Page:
(268,603
)
Cash and cash equivalents at beginning of period
  
 
1,033,148
 
  
 
2,018,643
 
    


  


Cash and cash equivalents at end of period
  
$
1,111,410
 
  
$
1,750,040
 
    


  


Supplemental disclosures of cash flow information
                 
Cash paid for interest
  
$
15,888
 
  
$
14,343
 
    


  


 
See accompanying notes.

F-4


Table of Contents

COMPUTER PROGRAMS AND SYSTEMS, INC.
 
NOTES TO CONDENSED FINANCIAL STATEMENTS (Unaudited)

 
1.    BASIS OF PRESENTATION
 
The accompanying unaudited condensed financial statements have been prepared in accordance with the instructions to Form 10-Q and do not include all adjustments that, in the opinion of management, are necessary for a fair presentation of the results for the periods presented. All such adjustments are considered of a normal recurring nature. Quarterly results of operations are not necessarily indicative of annual results.
 
Certain financial information and footnote disclosures normally included in financial statements prepared in accordance with accounting principles generally accepted in the United States have been condensed or omitted. These unaudited condensed financial statements should be read in conjunction with Management’s Discussion and Analysis of Financial Condition and Results of Operations and the Company’s audited financial statements and the notes thereto for the year ended December 31, 2001 included elsewhere herein.
 
2.    SUMMARY OF SIGNIFICANT ACCOUNTING POLICIES
 
Earnings Per Share
 
Basic earnings per share is based on the weighted effect of all shares of common stock issued and outstanding and is calculated by dividing net income by the weighted average shares outstanding during the period. For all of the periods presented in these financial statements, there were no potentially dilutive shares of common stock and, therefore, basic earnings per share and diluted earnings per share are the same.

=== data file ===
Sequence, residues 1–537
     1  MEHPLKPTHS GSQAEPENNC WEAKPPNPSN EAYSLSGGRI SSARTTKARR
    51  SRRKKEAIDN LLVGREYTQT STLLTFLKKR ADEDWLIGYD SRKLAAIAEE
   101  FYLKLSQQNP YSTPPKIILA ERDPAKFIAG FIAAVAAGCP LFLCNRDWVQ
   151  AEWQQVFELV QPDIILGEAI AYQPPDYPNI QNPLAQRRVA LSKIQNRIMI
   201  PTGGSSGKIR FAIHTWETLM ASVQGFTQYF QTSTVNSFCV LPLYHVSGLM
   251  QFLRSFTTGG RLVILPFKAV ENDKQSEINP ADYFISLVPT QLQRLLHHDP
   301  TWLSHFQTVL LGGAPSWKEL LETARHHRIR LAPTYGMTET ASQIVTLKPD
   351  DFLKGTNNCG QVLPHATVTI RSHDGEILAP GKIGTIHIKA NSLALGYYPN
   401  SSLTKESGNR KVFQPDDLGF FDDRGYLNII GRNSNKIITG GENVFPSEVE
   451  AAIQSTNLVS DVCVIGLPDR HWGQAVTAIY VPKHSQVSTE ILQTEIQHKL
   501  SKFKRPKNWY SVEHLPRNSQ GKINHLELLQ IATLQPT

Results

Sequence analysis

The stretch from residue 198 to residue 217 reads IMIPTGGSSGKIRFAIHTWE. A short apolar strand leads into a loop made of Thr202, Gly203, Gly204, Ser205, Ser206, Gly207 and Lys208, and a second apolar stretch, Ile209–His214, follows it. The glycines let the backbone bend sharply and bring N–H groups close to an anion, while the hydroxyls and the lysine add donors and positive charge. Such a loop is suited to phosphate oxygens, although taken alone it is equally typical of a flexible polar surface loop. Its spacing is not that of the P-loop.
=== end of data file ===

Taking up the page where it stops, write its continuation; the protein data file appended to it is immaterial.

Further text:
Income Taxes
 
The Company, with the consent of its stockholders, has elected to be treated as an S corporation under the Internal Revenue Code. In lieu of corporate federal and state income taxes, the stockholders of an S corporation are taxed individually on their share of the Company’s taxable income. For the purpose of these financial statements, pro forma income taxes were provided as if the Company was a C corporation (to which it will convert concurrent with the initial public offering) for the entire period of these financial statements (see Note 3).
 
Research and Development Costs
 
Research and development costs are expensed as incurred. Research and development costs totaled approximately $264,000 and $271,000 for the three months ended March 31, 2001 and 2002, respectively.
 
Accounting for Impairment or Disposal of Long-Lived Assets
 
In August 2001, the FASB issued SFAS No. 144, Accounting for the Impairment or Disposal of Long-Lived Assets. SFAS No. 144 addresses financial accounting and reporting for the impairment or disposal of long-lived assets. SFAS No. 144 supersedes SFAS No. 121, Accounting for the Impairment of Long-Lived Assets and for Long-Lived Assets to Be Disposed Of, and the accounting and reporting provisions of Accounting Principles Board Opinion No. 30, Reporting the Results of Operations. SFAS No. 144 is effective for financial statements issued for fiscal years beginning after December 15, 2001, and interim periods within those fiscal years. The Company adopted this standard on January 1, 2002, and its adoption did not have any effect on the Company’s financial position, results of operations or cash flows.

F-5


Table of Contents

COMPUTER PROGRAMS AND SYSTEMS, INC.
 
NOTES TO UNAUDITED CONDENSED FINANCIAL STATEMENTS (Continued)

 
3.    PRO FORMA INFORMATION
 
The Company has filed a registration statement on Form S-1 with the Securities and Exchange Commission for an initial public offering (IPO) (see Note 5). Prior to completion of the IPO, the Company’s S corporation status will terminate and it will become subject to federal and state income taxes applicable to a C corporation. Additionally, upon completion of the IPO, the Company will distribute the earned, but undistributed, accumulated S corporation earnings (the S Corporation Distribution) through the date the Company becomes a C corporation. Undistributed S corporation earnings through March 31, 2002 were approximately $13,500,000. The difference between the S Corporation Distribution and historical retained earnings consists primarily of temporary timing differences between book and tax income.
 
Pro forma balance sheet